bp to invest up to $8B additional in transition growth engines by 2030, for cumulative $55-65B over 2023-2030
bp says that it will invest more in the energy transition and bp’s own transition, with up to $8 billion more slated for transition growth engines (TGEs) by 2030. These include higher-return bioenergy, and convenience & EV charging; and focusing hydrogen and renewables & power where bp can leverage integration.
In 2022, bp invested $4.9 billion—around 30% of its total $16.3 billion capital expenditure—nto its transition growth engines, including the acquisition of Archaea Energy. This compares to around 3% in 2019. bp continues to expect this proportion to grow to around 50% in 2030.
bp aims to increase investment in its TGEs by up to $1 billion a year on average, or up to a cumulative additional $8 billion to 2030. bp’s investment in its TGEs is now expected to reach $7-9 billion a year in 2030—with cumulative investment over 2023-2030 around $55-65 billion.
Bioenergy: bp plans to grow its established bioenergy businesses materially. It plans to increase its supply of biogas six-fold, underpinned by Archaea Energy, to up to 70,000 barrels of oil equivalent a day in 2030. bp aims to increase biofuel production to around 100,000 barrels a day by 2030, supported by five major new projects at bp refineries, focused on production of sustainable aviation fuel.
Convenience and EV charging: Expansion of bp’s strategic convenience site networks is expected to drive growth in bp’s convenience gross margin by around 10% a year to 2030. Together with EV charging they are expected to help grow bp’s ability to offer lower carbon transport solutions for customers. Today bp has 22,000 EV charge points and aims for more than 100,000 by 2030—around 90% rapid or ultra-fast. It is developing leading positions in key geographies worldwide, underpinned by partnerships with major fleet operators.
Hydrogen: Through this decade bp aims to establish the foundations of a material business for the future. bp aims to build a leading position globally in hydrogen, initially supplying its own refineries, scaling up to meet growing customer demand and in parallel, as markets develop, developing global export hubs for hydrogen and its derivatives. By 2030 bp aims to produce between 0.5-0.7 million tonnes a year of primarily green hydrogen, also pursuing selected blue hydrogen opportunities.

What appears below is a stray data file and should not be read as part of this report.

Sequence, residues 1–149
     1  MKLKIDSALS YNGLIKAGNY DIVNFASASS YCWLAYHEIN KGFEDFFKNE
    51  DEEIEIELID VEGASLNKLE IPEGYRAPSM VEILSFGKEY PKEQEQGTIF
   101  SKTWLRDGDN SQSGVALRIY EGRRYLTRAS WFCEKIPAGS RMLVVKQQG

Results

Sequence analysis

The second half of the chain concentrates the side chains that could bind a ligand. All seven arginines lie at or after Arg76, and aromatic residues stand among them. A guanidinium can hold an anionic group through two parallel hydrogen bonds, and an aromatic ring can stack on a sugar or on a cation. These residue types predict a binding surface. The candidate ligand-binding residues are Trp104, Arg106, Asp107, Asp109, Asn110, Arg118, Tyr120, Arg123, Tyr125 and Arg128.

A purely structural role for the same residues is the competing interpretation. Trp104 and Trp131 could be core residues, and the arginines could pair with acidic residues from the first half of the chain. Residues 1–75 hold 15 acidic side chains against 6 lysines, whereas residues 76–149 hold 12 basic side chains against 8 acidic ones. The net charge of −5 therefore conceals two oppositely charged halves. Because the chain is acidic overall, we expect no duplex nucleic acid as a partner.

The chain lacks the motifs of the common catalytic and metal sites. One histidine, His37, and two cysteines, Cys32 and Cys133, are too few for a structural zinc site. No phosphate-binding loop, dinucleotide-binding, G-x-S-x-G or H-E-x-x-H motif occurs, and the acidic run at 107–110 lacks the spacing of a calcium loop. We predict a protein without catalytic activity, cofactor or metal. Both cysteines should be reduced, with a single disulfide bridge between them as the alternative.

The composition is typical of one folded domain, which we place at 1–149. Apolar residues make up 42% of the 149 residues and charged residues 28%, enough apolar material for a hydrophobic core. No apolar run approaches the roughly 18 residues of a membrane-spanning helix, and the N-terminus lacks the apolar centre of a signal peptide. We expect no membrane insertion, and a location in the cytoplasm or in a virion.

Renewables & power: bp will focus investment on opportunities where it can create integration value and enhance returns. bp aims to build a portfolio—including a global position in offshore wind—in support of green hydrogen, e-fuels, EV charging and power trading, together with continued growth in its self-funded solar joint venture Lightsource bp. bp remains on track to deliver its aim of having developed 50GW renewable power to FID by 2030; of this it aims to have around 10GW net installed capacity—largely operated. bp also expects to have assets under construction and for Lightsource bp to contribute materially.
by will also invest up to a cumulative $8 billion more into oil and gas by 2030—targeting short-cycle fast-payback opportunities with lower additional operational emissions. This investment will help to meet near-term demand for secure supplies of oil and gas, generating additional earnings that can further strengthen bp and support investment in its transition, the ocmpany said.
hile bp will continue to high-grade its global oil and gas portfolio, due to improving operational reliability and commerciality over the past four years it also now anticipates retaining some oil and gas assets longer than previously envisaged.
As a result of these changes, bp anticipates its oil and gas production will be around 2.3 million barrels of oil equivalent a day (mmboe/d) in 2025 and aims for it to be around 2.0 mmboe/d in 2030. This 2030 production would be around 25% lower than bp’s production in 2019, excluding production from Rosneft, compared to bp’s previous expectation of a reduction of around 40%.
bp correspondingly now aims for a fall of 20% to 30% in emissions from the carbon in its oil and gas production in 2030 compared to a 2019 baseline, lower than the previous aim of 35-40%.
It’s clearer than ever after the past three years that the world wants and needs energy that is secure and affordable as well as lower carbon—all three together, what’s known as the energy trilemma. To tackle that, action is needed to accelerate the transition. And—at the same time—action is needed to make sure that the transition is orderly, so that affordable energy keeps flowing where it’s needed today.
As an integrated energy company, bp is very deliberately set up to help on both counts. With three years of delivery and track record—we have increased confidence our strategy is working. And with today’s announcement we are leaning further in. We are growing our investment into our transition and, at the same time, growing investment into today’s energy system. In doing so—we see tremendous opportunity to create value. And it’s what governments and customers are asking of companies like us.—Bernard Looney
In 2022, bp delivered EBITDA of $61 billion, operating cash flow of $41 billion, including around $7 billion working capital build, and reported underlying replacement cost profit of $28 billion.
It continued to strengthen its finances, reducing net debt by $9.2 billion over the year to $21.4 billion—the lowest for over nine years. ROACE for the year was 30.5%. For 2022, bp incurred a total tax charge of $15.1 billion on an underlying basis, representing an effective tax rate of 34%.